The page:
CBK: It’s great that technology has expanded how your staff has been able to connect with patients during the pandemic. I know that Cloudbreak enables guests and family members to log-on too. Have you had success in helping families stay connected as well?
Evan: We had a mother who was COVID positive who had to be separated from her baby at birth. We had Cloudbreak on a device in the NICU, and the mom had Cloudbreak in her room, and she was able to call the father who also hadn’t seen the baby. We put the iPad on top of the incubator so that it was looking down on the baby and the mom saw her baby for the first time, real-time with high definition. I was able to tell the nurse, through the glass door, how to add a Martti interpreter to the call. The interpreter was able to work with that nurse to talk about the baby’s care. For the mom to be empowered with all this knowledge and a visual of her newborn for the first time, it was a really touching moment. To see technology work in that way was amazing.
CBK. Wow. That’s an incredible story.
Evan: It’s always great to be able to help families, especially kids. It definitely keeps the staff going as well, to have wins like that. We understand the situation – people aren’t getting better overnight, they’re staying quarantined for a long time. We don’t want to see people suffer. You’re taken care of when you get here, and that’s a really rewarding thing about working in this system.
CBK: That’s a great accomplishment, to be able to provide relief like that to your patients. And you’ve been recognized in your community for that kind of service as well. Your department was praised by local non-profit Here2Hear for the Language services you provide.
Evan: A big part of our hospital has been re-establishing our relationship with the Deaf and Hard of Hearing community, who have been really reluctant to use video remote interpreting (VRI). Previously, we weren’t equipped with appropriate technology – both because of our own technology and the solutions available on the market. But you can’t always have an on-site interpreter, especially when we have really bad weather or we don’t want to bring on-site staff because of the pandemic. That being said, with all the improvements we’ve had, both improving our own network and working with Martti Next, in conjunction with Cloudbreak, patients have been excited and expressed their positive experiences using VRI at VCU and how they’ve been accommodated and how, when on-site interpreters weren’t available, the VRI services were adequate and how they felt safe.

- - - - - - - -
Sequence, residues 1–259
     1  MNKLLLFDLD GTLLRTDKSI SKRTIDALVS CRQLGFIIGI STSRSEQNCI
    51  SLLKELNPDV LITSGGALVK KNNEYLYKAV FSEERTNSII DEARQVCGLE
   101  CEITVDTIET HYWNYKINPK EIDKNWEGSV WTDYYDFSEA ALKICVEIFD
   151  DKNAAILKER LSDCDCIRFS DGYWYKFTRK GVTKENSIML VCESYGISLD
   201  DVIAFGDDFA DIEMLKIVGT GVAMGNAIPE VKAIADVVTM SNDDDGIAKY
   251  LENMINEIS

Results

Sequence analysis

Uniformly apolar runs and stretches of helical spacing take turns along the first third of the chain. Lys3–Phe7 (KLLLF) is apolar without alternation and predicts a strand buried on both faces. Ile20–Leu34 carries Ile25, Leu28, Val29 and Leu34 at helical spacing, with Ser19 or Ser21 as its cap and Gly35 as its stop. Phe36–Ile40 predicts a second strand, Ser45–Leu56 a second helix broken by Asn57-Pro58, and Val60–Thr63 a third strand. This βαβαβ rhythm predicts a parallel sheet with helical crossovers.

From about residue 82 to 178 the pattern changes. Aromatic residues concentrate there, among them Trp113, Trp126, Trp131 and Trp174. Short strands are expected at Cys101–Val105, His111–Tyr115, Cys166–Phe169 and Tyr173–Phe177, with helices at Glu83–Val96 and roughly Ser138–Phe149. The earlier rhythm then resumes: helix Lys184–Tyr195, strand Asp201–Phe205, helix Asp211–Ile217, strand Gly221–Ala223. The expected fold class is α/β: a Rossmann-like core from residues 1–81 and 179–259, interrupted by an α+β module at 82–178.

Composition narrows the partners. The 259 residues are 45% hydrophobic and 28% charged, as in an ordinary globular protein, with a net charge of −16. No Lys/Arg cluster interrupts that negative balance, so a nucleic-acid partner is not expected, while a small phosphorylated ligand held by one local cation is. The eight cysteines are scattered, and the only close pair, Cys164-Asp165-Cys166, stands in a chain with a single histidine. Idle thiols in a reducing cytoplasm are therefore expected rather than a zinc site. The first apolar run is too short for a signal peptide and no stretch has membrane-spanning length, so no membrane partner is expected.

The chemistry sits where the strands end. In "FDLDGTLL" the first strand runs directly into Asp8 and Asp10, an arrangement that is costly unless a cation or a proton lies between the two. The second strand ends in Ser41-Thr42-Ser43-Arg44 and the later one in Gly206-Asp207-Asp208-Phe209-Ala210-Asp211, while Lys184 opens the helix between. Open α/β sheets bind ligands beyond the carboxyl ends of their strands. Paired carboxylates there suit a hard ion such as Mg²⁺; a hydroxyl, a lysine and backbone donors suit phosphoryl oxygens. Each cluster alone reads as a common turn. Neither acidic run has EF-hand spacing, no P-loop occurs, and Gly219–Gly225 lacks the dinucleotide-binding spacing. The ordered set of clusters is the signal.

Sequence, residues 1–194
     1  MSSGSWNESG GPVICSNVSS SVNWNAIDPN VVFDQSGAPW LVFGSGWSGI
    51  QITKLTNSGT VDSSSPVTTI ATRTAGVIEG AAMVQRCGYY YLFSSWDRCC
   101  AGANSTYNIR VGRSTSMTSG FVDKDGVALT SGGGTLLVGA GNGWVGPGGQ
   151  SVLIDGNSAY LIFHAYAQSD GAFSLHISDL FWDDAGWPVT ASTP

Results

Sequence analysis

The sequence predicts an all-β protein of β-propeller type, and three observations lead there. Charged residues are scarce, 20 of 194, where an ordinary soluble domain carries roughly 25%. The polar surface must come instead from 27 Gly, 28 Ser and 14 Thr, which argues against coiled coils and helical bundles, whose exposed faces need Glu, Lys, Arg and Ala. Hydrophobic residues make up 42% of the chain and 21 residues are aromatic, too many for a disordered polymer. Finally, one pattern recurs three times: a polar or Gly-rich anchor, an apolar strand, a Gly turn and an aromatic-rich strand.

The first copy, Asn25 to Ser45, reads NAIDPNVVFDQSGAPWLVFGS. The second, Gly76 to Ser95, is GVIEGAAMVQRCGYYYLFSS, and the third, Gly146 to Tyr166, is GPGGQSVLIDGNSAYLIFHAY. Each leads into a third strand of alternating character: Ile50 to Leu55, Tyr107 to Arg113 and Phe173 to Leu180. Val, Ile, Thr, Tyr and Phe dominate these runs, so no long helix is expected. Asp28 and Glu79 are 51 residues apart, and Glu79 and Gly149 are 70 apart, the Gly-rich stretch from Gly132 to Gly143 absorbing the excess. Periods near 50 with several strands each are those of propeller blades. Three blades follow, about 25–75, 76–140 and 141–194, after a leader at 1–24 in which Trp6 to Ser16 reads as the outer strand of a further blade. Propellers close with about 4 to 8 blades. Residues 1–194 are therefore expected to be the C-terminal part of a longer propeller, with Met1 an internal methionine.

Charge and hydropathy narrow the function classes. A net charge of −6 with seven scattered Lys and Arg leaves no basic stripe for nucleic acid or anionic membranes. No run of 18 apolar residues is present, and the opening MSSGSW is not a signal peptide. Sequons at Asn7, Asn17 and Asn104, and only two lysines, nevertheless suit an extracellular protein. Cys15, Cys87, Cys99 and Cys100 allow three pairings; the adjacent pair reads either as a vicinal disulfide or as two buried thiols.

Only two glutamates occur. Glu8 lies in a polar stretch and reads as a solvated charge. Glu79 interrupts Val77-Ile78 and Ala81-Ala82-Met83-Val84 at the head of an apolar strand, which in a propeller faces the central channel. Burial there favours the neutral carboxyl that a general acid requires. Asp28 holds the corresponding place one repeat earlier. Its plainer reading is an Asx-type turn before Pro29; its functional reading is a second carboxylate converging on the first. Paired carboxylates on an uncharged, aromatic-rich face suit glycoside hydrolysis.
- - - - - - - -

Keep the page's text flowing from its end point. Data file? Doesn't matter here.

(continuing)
Here2Hear is the largest non-profit that helps the Deaf and Hard of Hearing community get access to resources for their communication needs. Anything from medical, legal, education, even entertainment. It was an honor to be recognized by this important community organization advocating for our deaf and hard of hearing community.
It’s been a huge journey for me to appreciate how difficult it is to have a productive conversation in ASL when your video technology is shoddy, especially when it’s about your health. To understand how important it is to have great video technology, to be able to see that transformation, to be a witness to that transformation, and continued development, it’s one of the most satisfying things ever.
CBK: It’s nice to hear that despite the current climate, you’ve had some wins that keep your spirits up. What else inspires you to keep going?
Evan: Really respectful leadership. I’m really happy at VCU. Our leadership did an amazing job keeping us safe here. It feels very safe to work here. And when we have curveballs, no one is expecting perfect results. Everyone just appreciates progress. Everyone appreciates “This is the best that we’ve got, where can we go from there?” And I think just having that very authentic partnership with leadership really has determined the success that we’ve had and the morale of our team.
VCU utilizes Cloudbreak’s interpreting service, Martti, for video and over-the-phone interpretation as a part of their language services department. They also use Cloudbreak Telehealth to connect their on-site team safely, including reducing PPE usage and leveraging VRI options for their staff interpreters. To learn more about how you can expand your language access with Cloudbreak, contact us here.